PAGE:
• Number of student visits. The total number of students visiting the APC doubled in two years (Approx. 300 in 2008, approx. 600 in 2009). By the end of 2009, 40% of the total first-year student population and more than 60% of the total second year student population visited the APC.
  • Dates of student visits. The peak time for student visits to the APC in 2009 was course registration periods. We now know that the university calendar affects the number of students who visit.
  • Student Questions:
    • First year students want to solve problems they are facing at the moment
    • Major selection is the main concern of second year students
    • Third year students are concerned about senior thesis and graduation
    • Transfer students need academic planning
    • Senior students are worried about graduation

The operation of the APC became efficient because we analyzed these data. Knowing when peak periods occur made it possible for us to effectively schedule APC events. Figuring out the needs of each class enabled us to better prepare for student questions, discuss how questions vary, and provide advisors with the academic information needed to handle questions posed by students. The data also suggested that if only 40% of first-year students came for advising, then more might be done to advertise APC services to students.

 2. Analysis of the Academic Planning Essays.  Information obtained from the Academic Planning Essays was especially beneficial in analyzing student academic trends. Students were asked to choose up to three majors of interest in their Pre-Matriculation Essay. Analysis of these essays indicated that 25% of matriculating students chose the International Relations major as compared to 5% or fewer students who choose any of the other 31 majors. Analysis of the End of First Year Essay showed that 10% of students chose the Media, Communication and Culture major, while the number of students who chose the International Relations major dropped to 5%.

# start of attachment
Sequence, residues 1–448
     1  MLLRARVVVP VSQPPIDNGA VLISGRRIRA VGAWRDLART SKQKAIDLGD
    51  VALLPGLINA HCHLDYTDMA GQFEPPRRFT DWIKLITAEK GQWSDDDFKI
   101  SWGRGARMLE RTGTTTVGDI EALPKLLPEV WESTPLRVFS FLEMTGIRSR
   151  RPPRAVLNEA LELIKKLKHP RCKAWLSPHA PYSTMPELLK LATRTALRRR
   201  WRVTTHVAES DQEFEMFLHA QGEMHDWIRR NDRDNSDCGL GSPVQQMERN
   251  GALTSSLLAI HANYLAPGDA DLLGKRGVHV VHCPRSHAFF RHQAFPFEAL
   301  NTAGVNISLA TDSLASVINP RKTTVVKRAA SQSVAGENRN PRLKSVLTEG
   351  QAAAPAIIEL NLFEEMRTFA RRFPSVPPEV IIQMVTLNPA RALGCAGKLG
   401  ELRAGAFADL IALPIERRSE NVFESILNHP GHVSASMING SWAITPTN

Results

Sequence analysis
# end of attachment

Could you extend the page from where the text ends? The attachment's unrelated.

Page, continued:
The results of the analysis of these essays indicated that one year of college experience had a great impact on the student decision-making process. The data showed a drastic change in student interests and supported what was heard in advising sessions with pre-major students. Matriculating students who were eager to major in international relations hoped to do something “international” in the future; these students had the same international goal after one year but saw other ways to achieve it. The data confirmed our perception regarding the trend in student major selections. Knowing the transitions students go through helps advisors prepare for the predictable advising patterns.


The role data plays in academic advising is significant especially when there are few models for advising at an institution. The data assisted APC staff to anticipate advising questions, expand advisors’ capacity to help students, and help advisors find effective measures for improvement. An analytical approach can be invaluable in surmounting challenging issues in academic advising.

Sonoko Morikawa
Academic Planning Center
International Christian University
[email protected]


Academic Planning Center (2009), Academic Advising at ICU. Academic Planning Handbook 2010, pp.7-8

School Fundamental Survey (2008): Catalog of Statistical Charts, Ministry of Education, Culture, Sports, Sciences and Technology.

Cite this article using APA style as: Morikawa, S. (2011, March). Pioreering academic advising in Japan: Analytical perspectives from international christian university, Toyoko, Japan. Academic Advising Today, 34(1). Retrieved from [insert url here]

Posted in: 2011 March 34:1


There are currently no comments, be the first to post one!

Post Comment

Only registered users may post comments.
Academic Advising Today, a NACADA member benefit, is published four times annually by NACADA: The Global Community for Academic Advising. NACADA holds exclusive copyright for all Academic Advising Today articles and features. For complete copyright and fair use information, including terms for reproducing material and permissions requests, see Publication Guidelines.